Thursday, November 1, 2012

Ensuring the "Dearly" in Your Own Dearly Departed-ness

Not the most inspiring of epitaphs, is it?* Yet that, or something worse, may be exactly the type of thing you get if you leave the writing of your gravestone epitaph up to whomever gets pressed into doing the job upon your untimely demise. (Because all demises are untimely, aren't they?)

Sometimes, your epitaph writer has your back. The mother of the outlaw Jesse James (1847 – 1882) did. She had this put on his tombstone:

In Loving Memory of my Beloved Son,
Murdered by a Traitor and a Coward Whose
Name is not Worthy to Appear Here

Ellen Shannon's epitaph writer did as well, putting this inscription on her tombstone:

Ellen Shannon
Who was fatally burned
March 21, 1870
by the explosion of a lamp
filled with "R.E. Danforth's
Non-Explosive Burning Fluid."

And sometimes, your epitaph writer cares very much for you, as Sylvia Plath Hughes' husband seems to have done for her. He had this inscribed on her tombstone:

Even amidst fierce flames
the golden lotus can be planted.

But it's hard to know for certain that the words chosen to grace your grave will be as flattering as you'd like. How, then, to ensure the "dearly" in "dearly departed" for the stone that marks your eternal resting place? 

Lance Hardie knows just what you should do: write your own epitaph, and plan it well before the Grim Reaper pays you a visit. In fact, he found a way to turn the planning process into an official holiday (Mr. Hardie, that is; not the Grim Reaper). He persuaded the folks at Chase's Calendar of Events to accept Plan Your Epitaph Daycelebrated annually on November 2nd, into their listing of holidays. Why November 2nd? Because it appropriately coincides with the more well-known, but equally important holiday, the Day of the Dead.

So: write your own epitaph. Pompously presumptuous? Or seriously strategic? Let's examine this further, shall we?

Here are a few things you may want to consider before you decide to just leave the whole thing up to chance:

Your epitaph may be written by folks who didn't like you much, as seems to have happened to this poor soul:

In memory of Beza Wood
Departed this life Nov. 2 1937 – Age 45 yrs.

Here lies one Wood
Enclosed in Wood;
One Wood
Within another.
The outer wood
Is very good:
We cannot praise
The other.

You may not have been the model spouse you believe yourself to be. Here's what poet H.J. Daniel wrote for his own wife's tombstone:

To follow you I'm not content.
How do I know which way you went?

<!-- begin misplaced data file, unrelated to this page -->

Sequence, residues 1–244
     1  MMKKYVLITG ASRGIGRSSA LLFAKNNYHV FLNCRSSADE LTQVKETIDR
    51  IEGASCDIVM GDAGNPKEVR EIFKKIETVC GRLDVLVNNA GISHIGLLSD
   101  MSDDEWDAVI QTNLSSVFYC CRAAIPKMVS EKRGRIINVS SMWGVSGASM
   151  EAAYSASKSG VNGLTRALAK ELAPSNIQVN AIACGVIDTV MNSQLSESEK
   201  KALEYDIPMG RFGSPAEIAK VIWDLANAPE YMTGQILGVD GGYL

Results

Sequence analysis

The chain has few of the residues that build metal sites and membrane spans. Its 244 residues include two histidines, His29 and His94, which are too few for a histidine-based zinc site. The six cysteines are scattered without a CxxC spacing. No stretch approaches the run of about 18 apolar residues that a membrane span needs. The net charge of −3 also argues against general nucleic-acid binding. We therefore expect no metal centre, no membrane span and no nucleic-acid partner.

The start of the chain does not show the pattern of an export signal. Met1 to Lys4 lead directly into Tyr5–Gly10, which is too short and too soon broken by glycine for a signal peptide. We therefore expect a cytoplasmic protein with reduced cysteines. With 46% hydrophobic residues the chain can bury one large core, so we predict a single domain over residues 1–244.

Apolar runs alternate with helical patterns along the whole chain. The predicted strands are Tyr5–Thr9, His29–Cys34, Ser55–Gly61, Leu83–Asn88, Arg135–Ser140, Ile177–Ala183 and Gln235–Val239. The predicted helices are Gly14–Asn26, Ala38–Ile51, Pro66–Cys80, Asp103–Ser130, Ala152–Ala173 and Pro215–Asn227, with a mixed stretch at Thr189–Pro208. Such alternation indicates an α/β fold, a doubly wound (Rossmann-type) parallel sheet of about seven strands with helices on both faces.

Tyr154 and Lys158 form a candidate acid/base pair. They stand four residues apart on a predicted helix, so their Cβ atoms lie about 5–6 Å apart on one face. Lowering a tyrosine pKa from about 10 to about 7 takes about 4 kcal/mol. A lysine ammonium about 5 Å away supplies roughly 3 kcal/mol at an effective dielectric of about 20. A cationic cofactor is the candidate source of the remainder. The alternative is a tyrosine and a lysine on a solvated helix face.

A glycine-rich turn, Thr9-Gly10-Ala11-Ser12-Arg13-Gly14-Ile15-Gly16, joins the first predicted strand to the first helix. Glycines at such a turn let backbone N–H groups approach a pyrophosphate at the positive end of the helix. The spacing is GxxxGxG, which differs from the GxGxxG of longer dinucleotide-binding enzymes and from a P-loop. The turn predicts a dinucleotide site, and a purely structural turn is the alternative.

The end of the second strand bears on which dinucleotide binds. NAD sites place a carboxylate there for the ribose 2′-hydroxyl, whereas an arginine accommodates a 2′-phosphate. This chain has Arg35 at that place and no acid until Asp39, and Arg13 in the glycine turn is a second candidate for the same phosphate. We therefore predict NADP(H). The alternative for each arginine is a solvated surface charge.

Your epitaph writer may choose to simply record for eternity your cause of death, as was the case with the unfortunate Mr. Smith:

Harry Edsel Smith
Born 1903 – Died 1942
Looked up the elevator shaft
to see if the car
was on the way down.
It was.

Maybe mere damage control isn't enough motivation for you to get that epitaph written, pre-demise. In that case, perhaps these points will sway you:

Writing your own epitaph gives you the very satisfying opportunity to get in the final word, a last laugh, or an unrebuttable parting shot, as these folks did:

Winston Churchill:
I am ready to meet my Maker. Whether my Maker is prepared for the great ordeal of meeting me is another matter.

Rodney Dangerfield:
There goes the neighborhood.

Eric W., Jr. Mar 13, 1922 – June 15, 1982
I made a lot of deals in my life
but I went in the hole on this one.

Or, writing your own epitaph can send just enough of a shiver down the grave visitor's spine to ensure that your eternal resting place remains undisturbed, as William Shakespeare did:

*translated into Modern English:

Good friend for Jesus' sake forbear,
To dig the dust enclosed here.
Blessed be the man that spares these stones,
And cursed be he that moves my bones.

After all that, if you're still intent on leaving your epitaph up to chance, perhaps you'll get lucky, having done so many things in life that brought so much joy to so many, that your epitaph writer has no trouble finding the perfect words to memorialize your life:

Source: Wikipedia File (Photo), Robert A. Estremo

*Ok, so I'm the one who composed that pitiful epitaph up there in that illustration at the top. To my family and friends: For the love of Pete, do not put that on my gravestone. I'm sure I can come up with something better. Eventually.

Sources: Funny Grave Epitaphs
Write Your Epitaph - More than just R.I.P. (Rest in Peace), by Chris Raymond